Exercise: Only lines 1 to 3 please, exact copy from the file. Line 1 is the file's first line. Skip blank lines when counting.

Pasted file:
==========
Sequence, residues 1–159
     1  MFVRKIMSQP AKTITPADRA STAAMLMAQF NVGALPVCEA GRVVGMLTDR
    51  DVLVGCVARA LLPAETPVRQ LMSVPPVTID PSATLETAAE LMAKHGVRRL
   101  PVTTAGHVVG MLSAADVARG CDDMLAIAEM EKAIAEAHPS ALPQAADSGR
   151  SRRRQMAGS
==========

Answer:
Sequence, residues 1–159
     1  MFVRKIMSQP AKTITPADRA STAAMLMAQF NVGALPVCEA GRVVGMLTDR
    51  DVLVGCVARA LLPAETPVRQ LMSVPPVTID PSATLETAAE LMAKHGVRRL